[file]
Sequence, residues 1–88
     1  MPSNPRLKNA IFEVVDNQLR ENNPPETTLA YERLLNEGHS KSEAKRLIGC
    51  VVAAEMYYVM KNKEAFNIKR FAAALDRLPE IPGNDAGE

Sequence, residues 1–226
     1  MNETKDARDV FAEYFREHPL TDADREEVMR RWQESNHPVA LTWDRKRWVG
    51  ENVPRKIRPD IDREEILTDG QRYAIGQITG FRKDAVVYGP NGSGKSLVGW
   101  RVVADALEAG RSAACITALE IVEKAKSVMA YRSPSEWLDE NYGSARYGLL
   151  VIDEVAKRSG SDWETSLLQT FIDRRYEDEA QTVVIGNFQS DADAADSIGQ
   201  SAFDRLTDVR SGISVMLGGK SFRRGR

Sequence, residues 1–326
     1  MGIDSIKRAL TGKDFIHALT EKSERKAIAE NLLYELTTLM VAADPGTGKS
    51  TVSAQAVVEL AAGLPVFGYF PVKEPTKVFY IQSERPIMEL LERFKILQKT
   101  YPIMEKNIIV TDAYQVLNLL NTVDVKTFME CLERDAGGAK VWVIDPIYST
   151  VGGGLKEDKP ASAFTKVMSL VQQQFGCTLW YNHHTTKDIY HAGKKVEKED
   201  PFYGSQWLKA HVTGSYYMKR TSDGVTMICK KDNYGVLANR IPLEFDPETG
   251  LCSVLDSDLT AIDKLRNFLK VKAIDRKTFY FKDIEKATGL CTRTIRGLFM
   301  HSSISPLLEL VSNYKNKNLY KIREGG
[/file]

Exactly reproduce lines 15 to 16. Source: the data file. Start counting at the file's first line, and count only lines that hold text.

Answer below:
   201  PFYGSQWLKA HVTGSYYMKR TSDGVTMICK KDNYGVLANR IPLEFDPETG
   251  LCSVLDSDLT AIDKLRNFLK VKAIDRKTFY FKDIEKATGL CTRTIRGLFM